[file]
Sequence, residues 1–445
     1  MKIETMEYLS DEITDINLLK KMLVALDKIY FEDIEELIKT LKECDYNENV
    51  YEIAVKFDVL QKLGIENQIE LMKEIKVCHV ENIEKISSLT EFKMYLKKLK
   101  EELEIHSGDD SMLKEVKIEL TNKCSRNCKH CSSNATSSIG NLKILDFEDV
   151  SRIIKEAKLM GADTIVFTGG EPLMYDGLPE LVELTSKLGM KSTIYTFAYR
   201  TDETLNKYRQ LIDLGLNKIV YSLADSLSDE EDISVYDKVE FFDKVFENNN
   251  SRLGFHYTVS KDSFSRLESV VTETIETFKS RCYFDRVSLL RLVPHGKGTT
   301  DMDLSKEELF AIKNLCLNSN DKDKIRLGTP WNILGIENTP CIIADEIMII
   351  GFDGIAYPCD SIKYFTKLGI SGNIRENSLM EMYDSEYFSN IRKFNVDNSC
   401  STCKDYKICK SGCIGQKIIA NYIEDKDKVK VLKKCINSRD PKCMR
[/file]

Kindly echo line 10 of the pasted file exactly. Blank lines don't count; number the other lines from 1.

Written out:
   401  STCKDYKICK SGCIGQKIIA NYIEDKDKVK VLKKCINSRD PKCMR